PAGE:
Nourish. Flourish. Accomp​lish.

Growth Mindset

“A growth mindset is about believing people can develop their abilities.” 

Carol Dweck


The idea of a growth mindset is based on the work of Stanford University psychologist Carol Dweck. Her work is part of a tradition in psychology that shows the power of people’s beliefs. Dweck argues that the mindset that you adopt for yourself will profoundly affect the way you live and she explains how changing what you believe can have an enormous impact upon all areas of your life.


The debate over whether human qualities are things that can be cultivated or are carved in stone has been around for many years. Dweck’s research suggests that people can broadly be split between those with a fixed mindset and those with a growth mindset.

Those with a fixed mindset believe that a person has a set amount of intelligence or ability that cannot be changed regardless of effort. In fact, for the fixed mindset, ‘effort’ is a bad thing because if you have to work for success it means that you are not naturally clever or talented. Since people are viewed as having a set amount of intelligence, those with a fixed mindset also fear failure – it is proof that they don’t and never will have natural ability. They fear being judged on their permanent traits and ‘exposed’ and so will often refuse to take risks. Success for the fixed mindset is not about learning but proving that you are clever or talented. People with fixed mindsets only thrive when things are safely within their grasp. If things get too challenging, they no longer feel clever or talented and so they lose interest.

Alternatively, those with a growth mindset thrive when things become challenging. They believe that abilities can be developed and that it is effort that helps you become good at something. Skills and achievement come through commitment and hard work. As a result, they develop a love for learning and are willing to work for positive results. Those with a growth mindset are less afraid of making mistakes, as these are seen as part of the learning process. As a result, they become more resilient.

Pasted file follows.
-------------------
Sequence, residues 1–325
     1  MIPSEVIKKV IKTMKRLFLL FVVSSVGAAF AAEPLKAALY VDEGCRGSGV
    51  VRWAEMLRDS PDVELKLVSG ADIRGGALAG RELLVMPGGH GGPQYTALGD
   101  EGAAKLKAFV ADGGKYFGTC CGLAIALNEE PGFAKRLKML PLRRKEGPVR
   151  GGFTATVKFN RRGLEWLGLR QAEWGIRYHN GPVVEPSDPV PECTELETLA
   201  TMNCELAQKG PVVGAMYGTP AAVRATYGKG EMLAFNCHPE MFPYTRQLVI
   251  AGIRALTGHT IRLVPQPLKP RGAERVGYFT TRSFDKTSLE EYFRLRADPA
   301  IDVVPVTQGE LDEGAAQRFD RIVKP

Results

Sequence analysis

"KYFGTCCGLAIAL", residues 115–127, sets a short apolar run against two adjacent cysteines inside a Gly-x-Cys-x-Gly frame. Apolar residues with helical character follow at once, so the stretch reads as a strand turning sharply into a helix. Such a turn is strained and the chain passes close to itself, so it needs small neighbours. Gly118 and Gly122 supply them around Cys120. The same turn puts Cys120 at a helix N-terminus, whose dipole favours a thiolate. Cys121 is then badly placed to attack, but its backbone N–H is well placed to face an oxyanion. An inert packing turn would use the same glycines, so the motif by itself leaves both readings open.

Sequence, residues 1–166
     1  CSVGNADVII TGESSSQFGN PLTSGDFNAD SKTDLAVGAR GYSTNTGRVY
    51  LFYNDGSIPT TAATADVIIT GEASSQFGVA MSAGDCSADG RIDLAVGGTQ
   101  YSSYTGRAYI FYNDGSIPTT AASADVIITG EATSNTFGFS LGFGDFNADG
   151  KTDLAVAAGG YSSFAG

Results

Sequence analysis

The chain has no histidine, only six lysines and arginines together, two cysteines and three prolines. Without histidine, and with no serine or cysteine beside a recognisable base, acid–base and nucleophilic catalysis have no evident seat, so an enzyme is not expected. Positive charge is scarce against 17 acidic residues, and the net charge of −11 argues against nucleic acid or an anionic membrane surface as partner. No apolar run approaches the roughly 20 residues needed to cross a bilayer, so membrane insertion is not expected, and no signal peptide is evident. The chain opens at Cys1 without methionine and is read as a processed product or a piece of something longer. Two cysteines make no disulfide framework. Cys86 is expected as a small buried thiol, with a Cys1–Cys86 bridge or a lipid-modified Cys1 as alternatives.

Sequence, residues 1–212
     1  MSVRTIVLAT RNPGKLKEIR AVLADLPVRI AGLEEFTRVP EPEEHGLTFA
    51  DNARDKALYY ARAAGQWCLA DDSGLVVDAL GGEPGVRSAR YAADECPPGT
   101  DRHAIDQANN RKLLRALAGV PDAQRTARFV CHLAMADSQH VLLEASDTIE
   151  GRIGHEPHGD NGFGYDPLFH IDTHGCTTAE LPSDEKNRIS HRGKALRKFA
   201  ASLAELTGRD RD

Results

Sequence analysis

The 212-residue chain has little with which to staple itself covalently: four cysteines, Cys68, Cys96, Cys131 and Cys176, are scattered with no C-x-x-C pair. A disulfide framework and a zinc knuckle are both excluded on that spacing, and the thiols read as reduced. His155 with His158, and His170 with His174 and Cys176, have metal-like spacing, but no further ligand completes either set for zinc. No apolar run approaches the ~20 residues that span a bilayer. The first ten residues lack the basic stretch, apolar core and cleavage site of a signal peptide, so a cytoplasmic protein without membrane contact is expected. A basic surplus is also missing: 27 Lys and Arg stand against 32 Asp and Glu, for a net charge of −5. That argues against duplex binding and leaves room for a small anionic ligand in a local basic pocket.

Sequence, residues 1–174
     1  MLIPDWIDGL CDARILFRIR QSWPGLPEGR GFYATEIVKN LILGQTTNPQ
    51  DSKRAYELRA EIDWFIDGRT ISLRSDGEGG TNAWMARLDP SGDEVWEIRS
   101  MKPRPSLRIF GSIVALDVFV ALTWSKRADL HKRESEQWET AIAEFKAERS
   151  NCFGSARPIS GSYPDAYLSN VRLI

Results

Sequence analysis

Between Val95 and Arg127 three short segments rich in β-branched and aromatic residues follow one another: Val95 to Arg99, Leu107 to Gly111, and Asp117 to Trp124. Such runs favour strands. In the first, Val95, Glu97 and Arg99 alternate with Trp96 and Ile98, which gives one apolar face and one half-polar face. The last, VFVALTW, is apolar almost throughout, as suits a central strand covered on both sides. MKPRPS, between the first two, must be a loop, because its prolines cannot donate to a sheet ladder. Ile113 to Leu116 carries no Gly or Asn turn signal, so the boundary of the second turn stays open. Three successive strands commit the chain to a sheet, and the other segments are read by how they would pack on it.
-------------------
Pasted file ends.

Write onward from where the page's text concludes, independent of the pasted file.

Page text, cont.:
Throughout the sessions, we will be carrying out activities to encourage the development of a growth mindset. One key element is to praise children for the process rather than the outcome by focusing on the effort that they put into an activity instead of the result. This must also be coupled with fostering an understanding of how they can improve and what strategies can be used when things don’t work, guiding them towards other strategies and resources that can help them resume learning. We will be encouraging focused practice, targeted effort and supporting the children to stretch themselves with challenging tasks. We will change thinking from “I can’t do it” to “I can’t do it yet.”

Although people differ in their initial talents, interests or temperaments, everyone can change and grow through application and experience. With the right mindset, we can motivate children to increase their efforts, raise attainment, take more risks and become more resilient. This will not only help them to achieve during their time in education but will also equip them with the right mindset for the rest of their lives.